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Since our last new energy letter, the European Commission has published its long-awaited Renovation Wave Strategy, revealing of the extent of Europe’s decarbonisation ambitions in existing buildings – arguably the most challenging sector to decarbonise. The renovation wave strategy is making ripples, which could become a tidal wave of transformation for our existing building stock, with energy efficiency and the uptake of low carbon heating standing to make vast gains.
But this scale of change will only be unlocked if the market is swept along too – if member states follow through on the strategy recommendations, and if private investment is unlocked at the scale envisaged. So which parts of the renovation wave strategy give me something to be optimistic about?
Since our last new energy letter, the shift in focus has moved from the impact of the Covid-19 crisis, to how we recover – and how “green” this recovery is. I have growing confidence that the recovery will drive acceleration in some aspects of the energy transition. There will of course be major economic challenges ahead, and the energy sector is not immune to these - but the fundamental drivers of the energy transition remain unchanged. It is encouraging to see signs of a commitment to “building back better – and greener” from Brussels and in some European capitals. The decisions being made now will determine the speed and nature of the energy transition over the years and decades ahead – and as such, influence business models, strategies and opportunities for companies in new energy.
The most detailed glimpse so far of just what this recovery will look like, was revealed in the European Commission’s Recovery Plan to “repair and prepare for the next generation” – which sets aside €750bn for a Green Recovery (plus longer-term budget reinforcements). It clearly signals that this recovery should be clean, circular, competitive and climate neutral. So what does this mean for new energy? Five points catch my interest, which create fantastic opportunities for the energy industry, if it is ready to capture them.
Don’t get caught out by thinking this is something for the future. It’s happening now. Local optimisation of supply and demand is on the rise, and will accelerate. In this blog I set out the five reasons why.
If you agree with these, and you are in the active in the energy value chain, you need to take an active position on what this means for your business. There is a whole host of start-ups and companies from outside the traditional utility sector (as well as your traditional competitors) starting to target the opportunities arising from localisation of energy.
The hype surrounding blockchain in energy has undoubtedly dropped off since 2017, as the realities of moving towards commercialisation has proved far harder than many expected back then.
Most of blockchain’s potential applications to new energy, like virtual community energy trading, EV charging roaming and green energy verification, remain as small pilot projects. Whilst it does still generate interest when brought up at energy industry and tech conferences, those working with blockchain day-to-day are trying to shift the conversation away from the underlying technology and towards the solutions it provides. However, the current reality is that it is ‘permissioned’ blockchains that make most sense for energy applications, and there are two key challenges that we think may hold it back.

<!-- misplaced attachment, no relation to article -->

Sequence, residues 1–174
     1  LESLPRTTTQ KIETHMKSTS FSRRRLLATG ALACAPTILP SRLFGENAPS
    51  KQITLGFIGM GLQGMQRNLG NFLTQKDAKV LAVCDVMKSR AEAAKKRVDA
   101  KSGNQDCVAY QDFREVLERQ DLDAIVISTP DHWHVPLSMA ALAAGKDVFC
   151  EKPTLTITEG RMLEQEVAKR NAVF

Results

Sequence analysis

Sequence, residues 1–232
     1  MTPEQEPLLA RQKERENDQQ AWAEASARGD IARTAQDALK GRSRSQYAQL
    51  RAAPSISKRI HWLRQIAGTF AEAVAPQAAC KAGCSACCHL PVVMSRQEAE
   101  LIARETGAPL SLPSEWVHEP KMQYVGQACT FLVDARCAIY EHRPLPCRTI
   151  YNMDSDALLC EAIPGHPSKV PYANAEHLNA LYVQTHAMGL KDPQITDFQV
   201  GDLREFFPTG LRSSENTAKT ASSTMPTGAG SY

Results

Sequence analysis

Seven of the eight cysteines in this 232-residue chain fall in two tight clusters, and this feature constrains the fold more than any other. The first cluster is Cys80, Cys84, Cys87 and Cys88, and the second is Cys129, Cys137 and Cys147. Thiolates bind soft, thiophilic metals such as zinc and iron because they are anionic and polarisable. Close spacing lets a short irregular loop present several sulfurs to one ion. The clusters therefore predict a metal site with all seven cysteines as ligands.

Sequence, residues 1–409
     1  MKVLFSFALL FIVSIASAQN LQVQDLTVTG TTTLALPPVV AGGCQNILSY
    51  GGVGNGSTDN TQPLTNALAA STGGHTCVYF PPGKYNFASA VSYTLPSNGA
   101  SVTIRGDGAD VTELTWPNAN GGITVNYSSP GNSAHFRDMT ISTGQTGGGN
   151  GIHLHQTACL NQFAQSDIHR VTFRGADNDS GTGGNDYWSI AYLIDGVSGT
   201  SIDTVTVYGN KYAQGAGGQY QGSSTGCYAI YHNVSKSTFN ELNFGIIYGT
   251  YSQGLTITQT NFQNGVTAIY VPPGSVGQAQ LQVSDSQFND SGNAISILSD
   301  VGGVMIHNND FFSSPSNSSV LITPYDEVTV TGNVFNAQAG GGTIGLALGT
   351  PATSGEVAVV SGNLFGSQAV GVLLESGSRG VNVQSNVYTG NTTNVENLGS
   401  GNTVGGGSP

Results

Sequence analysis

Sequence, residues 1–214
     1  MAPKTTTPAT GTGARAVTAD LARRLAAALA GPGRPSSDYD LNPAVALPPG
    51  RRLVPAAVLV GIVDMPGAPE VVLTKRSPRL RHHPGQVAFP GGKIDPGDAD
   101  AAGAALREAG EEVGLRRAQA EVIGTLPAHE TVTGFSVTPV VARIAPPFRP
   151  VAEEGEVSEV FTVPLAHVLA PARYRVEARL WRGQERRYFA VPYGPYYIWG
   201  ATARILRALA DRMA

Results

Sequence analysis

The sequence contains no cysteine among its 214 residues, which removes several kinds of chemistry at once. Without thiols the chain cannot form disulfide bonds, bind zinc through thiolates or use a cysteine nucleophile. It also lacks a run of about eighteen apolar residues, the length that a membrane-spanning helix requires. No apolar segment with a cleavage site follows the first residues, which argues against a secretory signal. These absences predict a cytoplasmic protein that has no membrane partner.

The energy system’s going to get much, much more localised. Maybe you don’t think that’s big news? With photovoltaics appearing on more and more rooftops, and storage in homes, isn’t this obvious? In my opinion what you see today is just the very tip of the iceberg.
In the past, economies of scale, dependence on bulk extraction of fossil fuel for generation, and inflexible demand dictated a paradigm of bigger is better, and optimisation of energy systems at the largest possible scale. The rationale for this paradigm no longer holds. Non-fossil fuel forms of generation and storage are deployable cost-effectively at small scale; demand is increasingly flexible; and data, software and analytics can be used for sophisticated optimisation of generation, network assets, storage and demand.
The European Home Energy Management (HEM) market has been quite slow to develop in the last decade, only reaching around 300k installations to date. But this is going to change.
By 2023, we expect the market to reach 2.3M units installed. While the overall HEM European market will grow, the highest potential for growth will continue to be in the Nordics in terms of relative penetration and Germany in terms of absolute numbers. France, the UK and Italy will remain behind even though we predict their HEM markets sizes will increase faster. With its high penetration of solar PV, one may have expected Belgium (and to a lesser extent the Netherlands) to be an interesting market, but its net metering system is clearly a barrier to HEM. Finally, Spain, and its interesting geography for sun power, could have been better placed, but there is a lack of incentives for customers to install and self-consume solar PV.
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